You choose the percentage of your charitable trust’s value, as revalued annually, that it must distribute to its income beneficiaries each year, once it flips payment methods. This payment percentage must be at least 5%. It may be to your advantage to choose a relatively low payment percentage so that your charitable trust’s assets have the best chance to grow. If the value of your unitrust grows, so will its payments. A payment rate of 5% to 6% is typical. Payments are usually made in annual, semiannual, or quarterly installments.
Who can receive payments?
You decide who will get the payments from your flip unitrust. Usually, this will be you, or you and your spouse. You can, however, select other people to receive the payments. For example, you may wish to provide income for parents, a sibling, or children.
How long do payments last?
While most flip unitrusts last for the lives of one or two payment recipients, other terms are possible. A unitrust can last for more than two lives, for a specific length of time of up to 20 years, or for a combination of lives and a fixed term years.
- Enjoy immediate tax savings from an income tax charitable deduction, if you itemize.
- Avoid capital gains tax.
- May reduce estate taxes if your estate exceeds the then applicable estate tax credit.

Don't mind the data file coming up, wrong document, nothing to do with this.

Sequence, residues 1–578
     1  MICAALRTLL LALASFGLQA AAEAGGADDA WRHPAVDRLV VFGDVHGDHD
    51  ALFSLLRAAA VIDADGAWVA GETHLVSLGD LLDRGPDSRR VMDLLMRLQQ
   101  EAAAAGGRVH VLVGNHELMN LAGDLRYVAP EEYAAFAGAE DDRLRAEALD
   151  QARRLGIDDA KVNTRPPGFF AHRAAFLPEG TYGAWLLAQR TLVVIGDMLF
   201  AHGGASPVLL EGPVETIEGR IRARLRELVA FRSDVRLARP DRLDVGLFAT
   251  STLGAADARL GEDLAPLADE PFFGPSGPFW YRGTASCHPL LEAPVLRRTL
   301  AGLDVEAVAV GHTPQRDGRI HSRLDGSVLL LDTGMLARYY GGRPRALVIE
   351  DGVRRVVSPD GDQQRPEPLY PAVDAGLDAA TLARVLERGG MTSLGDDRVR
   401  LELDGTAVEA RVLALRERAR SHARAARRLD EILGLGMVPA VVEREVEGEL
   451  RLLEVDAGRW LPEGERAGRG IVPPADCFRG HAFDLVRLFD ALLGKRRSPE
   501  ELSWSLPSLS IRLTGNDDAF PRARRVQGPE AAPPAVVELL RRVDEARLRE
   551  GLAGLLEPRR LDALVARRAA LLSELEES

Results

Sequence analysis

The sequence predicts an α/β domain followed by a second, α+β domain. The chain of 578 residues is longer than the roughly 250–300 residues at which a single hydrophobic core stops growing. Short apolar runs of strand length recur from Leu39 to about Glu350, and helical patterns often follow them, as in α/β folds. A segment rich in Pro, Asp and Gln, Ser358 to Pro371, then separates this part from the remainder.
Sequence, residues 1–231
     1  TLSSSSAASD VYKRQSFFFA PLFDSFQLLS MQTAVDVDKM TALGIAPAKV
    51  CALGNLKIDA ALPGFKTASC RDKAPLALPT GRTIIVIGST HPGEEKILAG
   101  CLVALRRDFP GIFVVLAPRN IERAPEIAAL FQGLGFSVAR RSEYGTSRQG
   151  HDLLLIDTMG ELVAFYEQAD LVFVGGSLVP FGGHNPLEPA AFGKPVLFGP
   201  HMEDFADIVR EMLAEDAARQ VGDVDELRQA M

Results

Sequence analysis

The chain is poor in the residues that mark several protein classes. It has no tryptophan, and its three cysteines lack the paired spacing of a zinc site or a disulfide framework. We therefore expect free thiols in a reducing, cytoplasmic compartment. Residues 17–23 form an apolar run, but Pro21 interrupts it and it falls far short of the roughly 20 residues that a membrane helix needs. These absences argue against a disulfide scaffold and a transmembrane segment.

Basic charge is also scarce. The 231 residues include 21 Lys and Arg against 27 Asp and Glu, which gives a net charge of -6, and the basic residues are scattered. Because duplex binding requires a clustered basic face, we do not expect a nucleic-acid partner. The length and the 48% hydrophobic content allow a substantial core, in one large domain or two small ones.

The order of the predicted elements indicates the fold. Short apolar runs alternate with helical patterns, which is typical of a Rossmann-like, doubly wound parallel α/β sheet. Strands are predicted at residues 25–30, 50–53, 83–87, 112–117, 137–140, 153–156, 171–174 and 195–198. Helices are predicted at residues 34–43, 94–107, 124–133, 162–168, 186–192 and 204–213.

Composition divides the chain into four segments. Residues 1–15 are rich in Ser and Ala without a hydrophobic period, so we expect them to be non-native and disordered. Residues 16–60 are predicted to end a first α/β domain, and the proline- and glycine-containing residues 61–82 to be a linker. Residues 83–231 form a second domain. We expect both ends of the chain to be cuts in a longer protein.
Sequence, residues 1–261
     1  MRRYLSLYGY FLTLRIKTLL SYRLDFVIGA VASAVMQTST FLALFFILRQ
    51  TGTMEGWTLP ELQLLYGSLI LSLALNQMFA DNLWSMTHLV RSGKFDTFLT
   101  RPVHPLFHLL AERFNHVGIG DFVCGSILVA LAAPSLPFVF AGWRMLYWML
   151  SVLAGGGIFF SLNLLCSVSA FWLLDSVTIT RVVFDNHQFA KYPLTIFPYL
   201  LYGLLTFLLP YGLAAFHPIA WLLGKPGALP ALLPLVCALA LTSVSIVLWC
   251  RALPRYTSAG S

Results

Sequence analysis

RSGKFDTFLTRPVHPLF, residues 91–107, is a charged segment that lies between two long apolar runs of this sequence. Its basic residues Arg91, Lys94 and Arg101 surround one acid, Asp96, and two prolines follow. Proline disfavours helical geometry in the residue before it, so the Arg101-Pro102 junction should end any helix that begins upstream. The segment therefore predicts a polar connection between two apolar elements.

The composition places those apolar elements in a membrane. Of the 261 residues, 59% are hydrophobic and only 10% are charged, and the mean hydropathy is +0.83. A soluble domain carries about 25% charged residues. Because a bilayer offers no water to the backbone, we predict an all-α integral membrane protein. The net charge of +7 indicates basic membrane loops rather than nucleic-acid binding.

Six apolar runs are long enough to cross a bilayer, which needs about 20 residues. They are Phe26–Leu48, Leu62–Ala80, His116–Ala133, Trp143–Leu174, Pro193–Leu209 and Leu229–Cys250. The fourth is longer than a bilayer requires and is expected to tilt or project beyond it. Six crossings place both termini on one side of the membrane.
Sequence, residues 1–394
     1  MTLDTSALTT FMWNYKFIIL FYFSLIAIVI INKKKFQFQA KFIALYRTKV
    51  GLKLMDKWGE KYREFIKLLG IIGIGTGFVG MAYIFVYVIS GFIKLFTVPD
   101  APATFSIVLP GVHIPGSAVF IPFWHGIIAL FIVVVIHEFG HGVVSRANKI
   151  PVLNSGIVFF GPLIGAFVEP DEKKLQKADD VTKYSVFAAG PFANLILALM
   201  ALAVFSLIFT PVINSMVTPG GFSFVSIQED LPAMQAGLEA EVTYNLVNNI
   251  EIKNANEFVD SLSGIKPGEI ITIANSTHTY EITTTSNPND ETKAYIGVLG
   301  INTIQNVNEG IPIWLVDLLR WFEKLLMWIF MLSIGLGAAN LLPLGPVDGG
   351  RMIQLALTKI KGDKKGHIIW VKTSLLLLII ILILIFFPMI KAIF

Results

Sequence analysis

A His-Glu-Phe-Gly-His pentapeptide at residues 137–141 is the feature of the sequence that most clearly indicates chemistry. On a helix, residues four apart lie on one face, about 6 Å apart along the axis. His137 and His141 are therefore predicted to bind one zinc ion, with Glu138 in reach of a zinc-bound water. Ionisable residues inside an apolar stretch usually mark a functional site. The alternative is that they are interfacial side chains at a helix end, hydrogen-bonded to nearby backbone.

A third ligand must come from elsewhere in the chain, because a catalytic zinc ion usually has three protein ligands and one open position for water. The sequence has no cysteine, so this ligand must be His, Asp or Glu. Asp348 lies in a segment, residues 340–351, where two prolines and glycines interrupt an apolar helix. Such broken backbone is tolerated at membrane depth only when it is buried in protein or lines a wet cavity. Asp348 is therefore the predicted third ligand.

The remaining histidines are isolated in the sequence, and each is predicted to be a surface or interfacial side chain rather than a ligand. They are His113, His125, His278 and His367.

- You may reduce probate costs.
You will receive an income tax charitable deduction in the year of your gift. If you cannot use the entire deduction that year, you may carry forward your unused deduction for up to five additional years.
If you give appreciated assets to fund your flip unitrust, you will not pay any capital gains tax when you make your gift. In addition, because a flip unitrust is a tax-exempt trust, it will not pay any capital gains tax when it sells these assets. This means that your trustee will be able to reinvest the full value of the assets you donate. By removing the gift assets from your estate, you may also reduce estate taxes if your estate exceeds the then applicable estate tax credit. You may also reduce probate costs when your estate is settled.
Taxation of payments
The taxation of flip unitrust payments depends on the trust’s past distributions and investment performance. Payments from a unitrust are typically taxed as ordinary income. If the trust is funded with appreciated assets, a portion of the payments could be taxed at lower capital gains tax rates in some years. It is even possible for a portion of the payments to be tax-free in years when there is not enough ordinary income and capital gain income to make the payments.
Add funds anytime
You can add to your flip unitrust anytime. Additions to your unitrust will generate an additional income tax charitable deduction that could save you income taxes if you itemize. You will also increase your future payments without the hassle or expense of creating and administering a new flip unitrust.
Assets to consider giving
The following assets make excellent sources for funding your flip unitrust:
- Cash that you currently have in a savings account, bank CD, money-market fund, or other safe but low-yielding investment.